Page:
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Norwegian crispbreads

AmyElliesMom's picture

I've loved Kavli brand onion crispbread for years, but my supermarket recently stopped carrying it (supposedly the company isn't making it anymore).

So, today I tried my own from the following recipe I ganked from a lovely little British message board:

8oz rye flour
2oz marg or butter
1 teaspoon dried mixed herbs ( don't see why you couldn't vary this)
half a teaspoon salt
4 tablespoons milk or water.

Rub the marg in to the flour and stir in the herbs and salt.
Stir in the water and mix to a firm dough.
Divide the dough in to two halves.
Knead each half lightly on a floured surface.
Roll each half out thinly in to about a 9" square. Thinly is the operative word, or they're rather chewy
Cut in to 3" squares and put on to a lightly greased baking sheet.
Prick each square well to prevent it from rising and bubbling during baking.

Bake at Gas mark 6 (200°c) for 10 to 15 minutes or until the edges just begin to colour, but do not let them brown.
Cool slightly on the baking sheet then transfer to wire racks.

They got really nice and crisp, but they aren't quite like the Kavli. Has anyone made these before? I used almost 3 tablespoons of onion powder, but they were still a bit bland. Any suggestions on how to get more intense flavor? I used onion powder, celery salt and some chili powder.

On a happy note, I made a semi-pastry like recipe and didn't ruin it! This dough is lovely to work with, and I rolled it out on some Press n Seal and that made for easy transferring.


DON'T PANIC

You live and learn. At any rate, you live..
- Douglas Adams

 

Save the Earth! It's the only planet with wine and chocolate.

TracyK's picture

(post #63458, reply #1 of 17)

Perhaps some diced fresh onion, cooked in a saute pan until a bit browned and most of the liquid has come out? Or minced dehydrated onions (isn't that what they use on onion bagels, etc)?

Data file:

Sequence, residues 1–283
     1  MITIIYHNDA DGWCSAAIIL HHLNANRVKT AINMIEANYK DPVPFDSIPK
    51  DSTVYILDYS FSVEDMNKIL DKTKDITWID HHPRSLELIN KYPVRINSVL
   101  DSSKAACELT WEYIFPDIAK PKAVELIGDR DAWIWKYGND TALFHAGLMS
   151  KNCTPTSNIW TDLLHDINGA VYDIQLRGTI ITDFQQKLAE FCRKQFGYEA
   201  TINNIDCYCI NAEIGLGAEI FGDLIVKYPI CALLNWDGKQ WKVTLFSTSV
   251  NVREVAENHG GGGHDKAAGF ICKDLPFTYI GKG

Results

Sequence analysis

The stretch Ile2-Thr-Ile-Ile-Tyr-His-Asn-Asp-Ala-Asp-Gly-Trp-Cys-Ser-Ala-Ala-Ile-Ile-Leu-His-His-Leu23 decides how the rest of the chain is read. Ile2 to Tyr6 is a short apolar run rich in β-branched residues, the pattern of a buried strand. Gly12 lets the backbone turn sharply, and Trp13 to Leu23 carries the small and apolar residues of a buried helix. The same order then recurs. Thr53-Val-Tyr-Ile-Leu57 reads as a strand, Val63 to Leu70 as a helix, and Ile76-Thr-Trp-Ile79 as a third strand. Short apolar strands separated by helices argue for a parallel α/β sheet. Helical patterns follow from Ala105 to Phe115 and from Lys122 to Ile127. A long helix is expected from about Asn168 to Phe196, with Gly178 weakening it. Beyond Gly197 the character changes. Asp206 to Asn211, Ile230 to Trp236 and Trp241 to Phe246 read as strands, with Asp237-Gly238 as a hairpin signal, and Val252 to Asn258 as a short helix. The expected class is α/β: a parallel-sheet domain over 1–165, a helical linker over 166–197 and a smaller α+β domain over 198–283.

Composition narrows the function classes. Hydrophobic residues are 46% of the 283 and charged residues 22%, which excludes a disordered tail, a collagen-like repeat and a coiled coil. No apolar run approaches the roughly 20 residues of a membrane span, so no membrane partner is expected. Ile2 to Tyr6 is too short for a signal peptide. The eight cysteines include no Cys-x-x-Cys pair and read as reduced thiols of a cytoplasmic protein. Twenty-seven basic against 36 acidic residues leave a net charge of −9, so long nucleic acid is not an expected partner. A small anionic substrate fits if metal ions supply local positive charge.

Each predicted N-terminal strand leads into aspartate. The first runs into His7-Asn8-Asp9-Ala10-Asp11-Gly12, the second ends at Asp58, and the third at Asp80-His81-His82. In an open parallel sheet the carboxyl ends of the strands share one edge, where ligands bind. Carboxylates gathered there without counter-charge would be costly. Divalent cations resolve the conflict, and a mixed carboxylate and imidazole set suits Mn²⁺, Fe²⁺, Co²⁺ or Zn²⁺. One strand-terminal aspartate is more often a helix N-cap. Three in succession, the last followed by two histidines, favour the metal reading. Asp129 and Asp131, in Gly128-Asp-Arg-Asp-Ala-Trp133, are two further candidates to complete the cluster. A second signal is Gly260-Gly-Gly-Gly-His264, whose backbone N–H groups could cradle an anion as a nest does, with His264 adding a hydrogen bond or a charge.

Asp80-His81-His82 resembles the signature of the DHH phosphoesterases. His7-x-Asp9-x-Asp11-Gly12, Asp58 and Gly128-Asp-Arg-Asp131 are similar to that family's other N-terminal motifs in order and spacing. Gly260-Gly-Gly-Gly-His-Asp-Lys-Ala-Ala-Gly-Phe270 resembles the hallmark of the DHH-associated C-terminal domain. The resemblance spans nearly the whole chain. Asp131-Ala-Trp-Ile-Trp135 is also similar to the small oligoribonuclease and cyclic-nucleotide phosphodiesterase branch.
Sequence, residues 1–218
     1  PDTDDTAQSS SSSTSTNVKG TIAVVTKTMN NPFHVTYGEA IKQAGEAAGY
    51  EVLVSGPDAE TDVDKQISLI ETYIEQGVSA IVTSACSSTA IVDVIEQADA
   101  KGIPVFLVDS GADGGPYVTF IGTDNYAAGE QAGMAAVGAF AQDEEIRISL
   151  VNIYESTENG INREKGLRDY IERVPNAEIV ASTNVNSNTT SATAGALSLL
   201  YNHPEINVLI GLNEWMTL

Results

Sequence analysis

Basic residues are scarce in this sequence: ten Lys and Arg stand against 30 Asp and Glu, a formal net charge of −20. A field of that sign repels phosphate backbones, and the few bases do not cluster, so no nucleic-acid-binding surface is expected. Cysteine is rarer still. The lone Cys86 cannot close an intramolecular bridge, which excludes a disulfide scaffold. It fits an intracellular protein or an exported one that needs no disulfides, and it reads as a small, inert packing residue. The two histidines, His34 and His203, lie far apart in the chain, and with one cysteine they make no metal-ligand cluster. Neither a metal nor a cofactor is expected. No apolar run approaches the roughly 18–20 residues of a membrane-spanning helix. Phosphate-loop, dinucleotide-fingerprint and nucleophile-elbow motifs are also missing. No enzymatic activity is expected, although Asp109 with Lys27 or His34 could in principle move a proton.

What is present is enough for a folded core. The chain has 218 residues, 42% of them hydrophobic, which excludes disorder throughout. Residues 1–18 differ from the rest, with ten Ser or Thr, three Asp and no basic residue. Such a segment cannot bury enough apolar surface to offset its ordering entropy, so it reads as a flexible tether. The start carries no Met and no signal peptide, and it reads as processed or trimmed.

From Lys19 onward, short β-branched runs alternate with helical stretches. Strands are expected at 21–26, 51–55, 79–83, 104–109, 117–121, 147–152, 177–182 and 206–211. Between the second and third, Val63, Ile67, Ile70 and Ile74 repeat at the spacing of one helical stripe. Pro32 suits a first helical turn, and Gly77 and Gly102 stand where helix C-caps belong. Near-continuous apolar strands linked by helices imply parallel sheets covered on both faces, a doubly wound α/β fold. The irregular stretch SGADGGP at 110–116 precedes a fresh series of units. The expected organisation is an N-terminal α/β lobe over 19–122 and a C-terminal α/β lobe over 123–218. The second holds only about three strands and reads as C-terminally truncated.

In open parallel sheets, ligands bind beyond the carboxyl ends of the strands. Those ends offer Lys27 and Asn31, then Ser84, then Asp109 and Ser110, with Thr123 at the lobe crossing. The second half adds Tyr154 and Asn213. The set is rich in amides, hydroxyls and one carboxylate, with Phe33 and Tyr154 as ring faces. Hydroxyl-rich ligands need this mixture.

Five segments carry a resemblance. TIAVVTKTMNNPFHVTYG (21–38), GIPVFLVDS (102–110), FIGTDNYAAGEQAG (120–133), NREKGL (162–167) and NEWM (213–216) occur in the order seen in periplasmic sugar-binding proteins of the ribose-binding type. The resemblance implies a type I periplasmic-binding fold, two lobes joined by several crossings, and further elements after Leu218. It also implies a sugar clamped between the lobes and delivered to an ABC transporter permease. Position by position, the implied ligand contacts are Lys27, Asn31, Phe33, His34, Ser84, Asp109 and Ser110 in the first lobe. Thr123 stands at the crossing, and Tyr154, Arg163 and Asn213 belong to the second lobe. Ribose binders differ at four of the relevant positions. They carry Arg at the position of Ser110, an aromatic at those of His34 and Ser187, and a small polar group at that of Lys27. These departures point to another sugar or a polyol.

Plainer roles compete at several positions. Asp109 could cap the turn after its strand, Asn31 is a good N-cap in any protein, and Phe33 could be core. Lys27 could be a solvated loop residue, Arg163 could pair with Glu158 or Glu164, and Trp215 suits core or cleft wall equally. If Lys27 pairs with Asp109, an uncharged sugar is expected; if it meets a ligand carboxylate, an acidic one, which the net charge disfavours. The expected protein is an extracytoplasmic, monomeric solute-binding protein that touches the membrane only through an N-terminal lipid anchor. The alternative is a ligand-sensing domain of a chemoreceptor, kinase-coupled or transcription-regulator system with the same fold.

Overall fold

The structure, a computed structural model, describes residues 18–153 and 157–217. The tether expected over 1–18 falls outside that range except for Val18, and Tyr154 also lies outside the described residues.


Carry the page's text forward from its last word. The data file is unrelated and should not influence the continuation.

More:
AmyElliesMom's picture

(post #63458, reply #2 of 17)

Or, I could use some onion juice as part the liquid and some grated raw sweet onions. And some very minced fresh chives.

Fresh would taste alot better and alot stronger, you are right.

Thank you for the inspiration! Sometimes my head get stuck in gear.


DON'T PANIC

You live and learn. At any rate, you live..
- Douglas Adams

 

Save the Earth! It's the only planet with wine and chocolate.

KarenP's picture

(post #63458, reply #3 of 17)

 Have you ever tried the oatmeal hardtack in Baking with Julia?  Beatrice Ojakangas, who also is the bwj danish pastry contributor, has done a lot with scandinavian breads and crackers.  I've got her whole grain bread book and will look through that.  In fact, I think I posted some of her cracker recipes at some point..I'll take a look.

AmyElliesMom's picture

(post #63458, reply #4 of 17)

No, I haven't. I don't (gasp) have Baking with Juila, although it's been on my amazon wishlist for almost two years. No one buys me cookbooks anymore. They think, because they like my cooking, there is nothing more for me to learn.

HA! Double HA! even!!

I've got sooo much I could learn, especially in baking, which is my first love and the bane of my existence.

I'll do a search for the crackers, but my search skills are lacking. Off to the archives!


DON'T PANIC

You live and learn. At any rate, you live..
- Douglas Adams

 

Save the Earth! It's the only planet with wine and chocolate.

favorablyimpressed's picture

(post #63458, reply #5 of 17)

I'm sure your local library has Baking with Julia.

AmyElliesMom's picture

(post #63458, reply #8 of 17)

I'm making a trip tomorrow!